Let’s talk about goal setting. When we set goals, we often focus on big picture goals, like, I want to lose 50 pounds or I want to run a marathon or keep my house clean or climb Mount Everest (ok, maybe Everest is more lofty than most people are thinking). These are your big picture goals. They are incredibly important in your journey and keeping them front and center as a constant reminder of where you are going is vital. With this in mind, however, sometimes when we set big goals without focusing on the steps to achieve them, we fail. They seem too overwhelming and we give up. So keep that big picture goal in mind, but take a deep breath and know that getting there is doable with the use of small steps.
SMART goals are the stepping stones that will move you towards achieving your big goals.They allow you to focus on the process, rather than the outcome. In the end small, consistent changes over time are what make the biggest impact long term.
So what does the acronym SMART stand for? Specific, Measurable, Attainable, Relevant, and Time-bound. Your SMART goal should answer the ‘what, where, when, why, and how’ questions.
Let’s dive in a little deeper:
- Your goals should be specific to YOU and your current health and fitness level.
- What do you specifically want to achieve? What steps need to be taken to achieve it?
- What, when and where specifically do you intend to do the activity? For example, saying “I am going to walk more this week” is not very specific. Saying “I am going to walk on Monday, Wednesday and Friday at 7am around the block” is specific and helps you stick to the goal.
- How can you measure the goal: In time? Distance?
- This is the numeric part of your goal. Example: walk 5k steps daily or exercise for 30 minutes 5 days a week, etc.
- “I am going to walk on Monday, Wednesday and Friday at 7am around the block for 30 minutes”
- How will you achieve your goal? Is it attainable with the resources you have?
- For example, don’t set a goal of going to the gym for 1 hour, 5 days a week when realistically, you only have 30 minutes 3 days a week to workout right now.
- Setting unreasonable goals leads to non-compliance, failure, frustration, and may even lead to illness or injury.
- Be honest with yourself about what you are able to give toward your goal right now. It’s better to start small, hit your goal and set a new one, than set a goal you are not able to achieve in the first place. Right now you want to strengthen self-integrity- your “because I said I would” muscle. Choose goals that build that muscle instead of lofty or unattainable goals that weaken it.
- Does this actually make sense for your lifestyle right now?
- Why is it important to you?
- What are your values?
- Setting a goal to get first place in a hotdog eating contest when you want to get healthier and lose weight isn’t realistic or relevant to your life.
- When are you going to achieve your goal? Give yourself a milestone to strive for.
- How long do you want to do this goal? Setting a goal for a day, week, or month is great, knowing that you can revisit at the end and continue, stop, or modify.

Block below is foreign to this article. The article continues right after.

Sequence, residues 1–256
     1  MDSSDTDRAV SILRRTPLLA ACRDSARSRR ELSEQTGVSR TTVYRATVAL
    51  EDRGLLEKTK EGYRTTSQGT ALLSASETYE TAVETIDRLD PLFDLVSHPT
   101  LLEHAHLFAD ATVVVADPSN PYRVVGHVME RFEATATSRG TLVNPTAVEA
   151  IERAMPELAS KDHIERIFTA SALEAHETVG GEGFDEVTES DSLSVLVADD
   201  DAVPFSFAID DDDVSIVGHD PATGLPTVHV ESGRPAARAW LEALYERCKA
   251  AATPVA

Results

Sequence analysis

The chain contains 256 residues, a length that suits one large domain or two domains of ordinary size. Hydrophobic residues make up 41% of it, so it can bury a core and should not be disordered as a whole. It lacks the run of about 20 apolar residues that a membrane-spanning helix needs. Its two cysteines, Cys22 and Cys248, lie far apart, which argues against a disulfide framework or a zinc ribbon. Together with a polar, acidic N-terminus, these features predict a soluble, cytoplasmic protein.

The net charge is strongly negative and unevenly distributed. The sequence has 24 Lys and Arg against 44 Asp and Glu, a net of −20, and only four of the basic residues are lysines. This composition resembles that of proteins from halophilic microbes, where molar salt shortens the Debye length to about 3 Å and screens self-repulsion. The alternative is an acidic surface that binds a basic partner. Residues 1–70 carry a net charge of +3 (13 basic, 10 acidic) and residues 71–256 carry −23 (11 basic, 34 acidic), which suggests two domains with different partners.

- “I will not eat out” is a very different statement than “for 3 days I will cook my meals at home and pack my lunch.” The first has no end point and unless you become a hermit you will inevitably fail. The second is an accomplishable task that can be revisited and renewed.
What are some examples of SMART goals
Instead of: “Increase upper body strength”
Try: “I want to do 1 unassisted pull-up by summertime. I will dedicate 5 minutes at the end of my gym days, 3 times per week, to practicing my pull-up strength and form and performing the exercises given to me by my personal trainer.”
Instead of: “Walk more”
Try: “I will walk for 15 minutes after work on weekdays, park further away from the store, and take my dog for a walk for 30 minutes on the weekend days. This will help me get outside more, have a consistent activity to complete throughout the week, and align with my overall goal to live a healthy lifestyle.”
Instead of: “Eat out less”
Try: I will utilize Sundays as my meal prep days and prep 4 lunches for work every week. In addition, I will cook 2 dinners at home per week. This will help me cut out more processed foods, and lose weight in a sustainable way.
Instead of: “Get more sleep”
Try: “I will commit to a bed time of 10pm every weeknight, which is one hour earlier than I have been doing. I will also restrict my screen time to stop 1 hour before bed and read or meditate instead. This will allow me to not only get more sleep, but higher quality sleep which will improve my life overall.”
Instead of: “Reduce stress”
Try: “I will commit to doing 1 self-care activity of my choosing (massage, spa, meditate, yoga class, etc.) every weekend for the next month to reduce my overall stress. I will communicate this goal with my partner so he/she can help me fill my cup.
Instead of: “Do more social activities”
Try: “For the next 3 months, I will set a reminder on my phone for the 1st of every month to make plans with friends, and commit to 1 social gathering a month. This will help me stay connected to my community of friends which is essential for my personal happiness.”
Instead of: “Be more thankful”
Try: I will write down 3 things I am grateful for every week for the next 2 months. This will help me to slow down, be present, and appreciate the blessings in my life.
Additional tips to help you stick to your SMART goals:
- Write them down
- Set reminders on your phone
- Tell someone for accountability and support – they may even want to join you!
Set yourself up for success this upcoming year by setting SMART goals, and let the Sozo team know how we can help you achieve them.